Basically the people who have the most say on how this world operates (including whether to wage war, take people's money, pollute the environment or not) are often (or mostly, depending on your point of view) behaving like psychopaths. This is nuts and it really goes a long way towards explaining the current state of affairs.

  • Test everyone (Score:5, Insightful)

    by hessian (467078) on Thursday November 22, 2012 @05:36PM (#42068625) Homepage Journal

    I've worked with enough people who are nuts to think that if we're going to test the leaders, we should test everyone and put the psychopaths out of the workplace entirely.

    One bad person on a team can not only make life miserable, but ruin the work output of the team, drive away anyone competent and damage everyone else's careers when they're associated with the failed team's product.

  • by MightyMartian (840721) on Thursday November 22, 2012 @05:42PM (#42068671) Journal

    Can you structure things in that fashion. One of the attractions of the entire industry is the promise of reward for sound investing. The problem is that a psychopath can game the system by achieving the reward through carefully constructed investments that will collapse inevitably, but after the reward has been gained. In some cases, those rewards appear to have been gained simply by lying (various iterations of cooking the books), and thus catching the cooking takes longer than the reward cycle.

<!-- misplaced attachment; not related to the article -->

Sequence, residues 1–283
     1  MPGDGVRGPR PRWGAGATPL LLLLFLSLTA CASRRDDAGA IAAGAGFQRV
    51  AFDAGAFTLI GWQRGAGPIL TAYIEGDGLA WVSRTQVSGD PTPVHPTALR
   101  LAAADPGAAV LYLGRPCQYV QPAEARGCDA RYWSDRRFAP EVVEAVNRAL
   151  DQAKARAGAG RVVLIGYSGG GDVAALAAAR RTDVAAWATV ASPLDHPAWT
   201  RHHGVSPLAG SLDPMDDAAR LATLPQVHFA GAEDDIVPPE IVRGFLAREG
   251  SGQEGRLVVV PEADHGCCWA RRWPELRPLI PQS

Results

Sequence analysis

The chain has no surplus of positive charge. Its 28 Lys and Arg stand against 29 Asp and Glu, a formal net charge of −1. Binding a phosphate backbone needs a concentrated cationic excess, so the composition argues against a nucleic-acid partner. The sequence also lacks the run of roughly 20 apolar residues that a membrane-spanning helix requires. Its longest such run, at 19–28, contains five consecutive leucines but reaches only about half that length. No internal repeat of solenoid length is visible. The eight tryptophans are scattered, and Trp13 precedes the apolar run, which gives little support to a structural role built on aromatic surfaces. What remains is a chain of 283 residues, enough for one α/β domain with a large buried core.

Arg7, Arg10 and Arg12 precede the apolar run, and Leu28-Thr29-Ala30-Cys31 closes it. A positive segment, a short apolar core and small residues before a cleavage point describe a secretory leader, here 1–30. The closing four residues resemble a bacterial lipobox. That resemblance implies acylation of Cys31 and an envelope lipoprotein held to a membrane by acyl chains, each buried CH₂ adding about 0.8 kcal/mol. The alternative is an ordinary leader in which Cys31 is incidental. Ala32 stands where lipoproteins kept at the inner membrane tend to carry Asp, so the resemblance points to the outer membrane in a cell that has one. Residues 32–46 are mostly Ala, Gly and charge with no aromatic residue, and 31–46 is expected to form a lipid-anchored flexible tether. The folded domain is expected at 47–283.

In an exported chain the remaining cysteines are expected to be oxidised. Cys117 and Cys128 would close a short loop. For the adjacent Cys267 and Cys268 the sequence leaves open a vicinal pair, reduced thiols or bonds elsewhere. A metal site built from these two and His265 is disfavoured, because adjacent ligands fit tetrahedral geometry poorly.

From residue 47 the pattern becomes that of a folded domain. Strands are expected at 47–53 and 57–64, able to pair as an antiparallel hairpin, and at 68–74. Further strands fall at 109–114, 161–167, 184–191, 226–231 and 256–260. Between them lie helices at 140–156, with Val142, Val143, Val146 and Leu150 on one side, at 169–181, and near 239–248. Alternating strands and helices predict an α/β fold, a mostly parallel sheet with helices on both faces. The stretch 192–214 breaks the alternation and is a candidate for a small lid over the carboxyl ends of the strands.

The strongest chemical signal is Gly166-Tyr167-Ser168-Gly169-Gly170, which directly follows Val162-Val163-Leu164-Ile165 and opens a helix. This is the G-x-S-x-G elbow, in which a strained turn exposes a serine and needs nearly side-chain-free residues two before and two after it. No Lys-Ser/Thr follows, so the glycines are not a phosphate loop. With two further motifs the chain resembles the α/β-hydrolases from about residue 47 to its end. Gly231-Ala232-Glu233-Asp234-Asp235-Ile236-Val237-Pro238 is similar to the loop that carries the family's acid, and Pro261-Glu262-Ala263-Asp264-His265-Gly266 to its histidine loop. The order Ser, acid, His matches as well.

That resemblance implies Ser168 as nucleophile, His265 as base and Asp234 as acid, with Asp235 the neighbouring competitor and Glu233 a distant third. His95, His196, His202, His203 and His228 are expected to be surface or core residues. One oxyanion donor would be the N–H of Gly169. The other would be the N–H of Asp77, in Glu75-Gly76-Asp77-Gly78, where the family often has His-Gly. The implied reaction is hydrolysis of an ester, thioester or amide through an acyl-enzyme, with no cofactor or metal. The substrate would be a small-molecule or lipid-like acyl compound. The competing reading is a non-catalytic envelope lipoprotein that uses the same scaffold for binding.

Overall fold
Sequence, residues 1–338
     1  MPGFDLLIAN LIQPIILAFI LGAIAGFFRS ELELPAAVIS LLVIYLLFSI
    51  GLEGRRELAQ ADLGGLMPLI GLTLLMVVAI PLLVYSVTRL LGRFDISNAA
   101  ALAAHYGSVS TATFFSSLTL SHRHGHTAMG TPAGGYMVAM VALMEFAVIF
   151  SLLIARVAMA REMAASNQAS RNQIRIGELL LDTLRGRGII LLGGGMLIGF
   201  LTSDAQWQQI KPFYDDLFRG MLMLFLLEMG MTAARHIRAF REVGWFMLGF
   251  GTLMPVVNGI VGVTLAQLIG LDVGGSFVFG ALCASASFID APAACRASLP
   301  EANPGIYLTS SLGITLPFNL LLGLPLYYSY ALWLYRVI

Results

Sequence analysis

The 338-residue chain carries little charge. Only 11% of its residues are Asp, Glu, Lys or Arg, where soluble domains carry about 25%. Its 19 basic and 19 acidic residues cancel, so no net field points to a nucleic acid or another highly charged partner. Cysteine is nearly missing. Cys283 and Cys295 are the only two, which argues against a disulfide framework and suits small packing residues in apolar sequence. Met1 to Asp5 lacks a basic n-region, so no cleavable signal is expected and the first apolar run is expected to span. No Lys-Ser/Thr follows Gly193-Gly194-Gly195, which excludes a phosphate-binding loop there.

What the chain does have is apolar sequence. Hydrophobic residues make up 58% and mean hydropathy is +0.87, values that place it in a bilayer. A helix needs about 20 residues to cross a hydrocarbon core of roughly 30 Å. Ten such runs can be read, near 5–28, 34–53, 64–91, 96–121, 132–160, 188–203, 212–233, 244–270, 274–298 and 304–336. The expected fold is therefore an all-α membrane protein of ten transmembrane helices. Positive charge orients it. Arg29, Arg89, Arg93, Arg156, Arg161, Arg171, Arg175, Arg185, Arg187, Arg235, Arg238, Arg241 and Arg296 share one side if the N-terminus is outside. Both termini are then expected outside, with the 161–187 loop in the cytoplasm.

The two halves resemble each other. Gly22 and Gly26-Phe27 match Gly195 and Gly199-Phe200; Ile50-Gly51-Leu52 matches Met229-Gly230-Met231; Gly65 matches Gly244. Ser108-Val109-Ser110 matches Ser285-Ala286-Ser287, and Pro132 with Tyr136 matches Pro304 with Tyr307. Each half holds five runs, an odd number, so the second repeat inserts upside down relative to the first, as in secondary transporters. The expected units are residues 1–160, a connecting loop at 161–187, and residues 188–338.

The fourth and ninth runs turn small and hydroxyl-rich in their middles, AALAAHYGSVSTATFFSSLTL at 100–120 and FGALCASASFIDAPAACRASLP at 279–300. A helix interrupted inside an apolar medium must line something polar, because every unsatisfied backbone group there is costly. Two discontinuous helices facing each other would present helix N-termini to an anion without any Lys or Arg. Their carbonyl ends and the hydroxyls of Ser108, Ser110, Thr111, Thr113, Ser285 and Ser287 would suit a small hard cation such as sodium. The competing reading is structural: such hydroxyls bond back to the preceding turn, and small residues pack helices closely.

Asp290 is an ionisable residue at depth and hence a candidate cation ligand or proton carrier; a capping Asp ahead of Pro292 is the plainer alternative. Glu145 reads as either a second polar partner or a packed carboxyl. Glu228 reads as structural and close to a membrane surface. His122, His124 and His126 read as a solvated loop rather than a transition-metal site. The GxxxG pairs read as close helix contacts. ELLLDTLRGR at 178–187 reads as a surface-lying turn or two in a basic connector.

The only way I can see it is to push the reward off into the distance by years, so that whatever investment strategy is made today, the guy doing it will have to wait a year, two years, or even more before they get their reward.

    Even where systems like that have been implemented (ie. paid in shares rather than in cash or perks), it seems there are still ways for a sufficiently nasty person to grasp the reward that ultimately they did not deserve.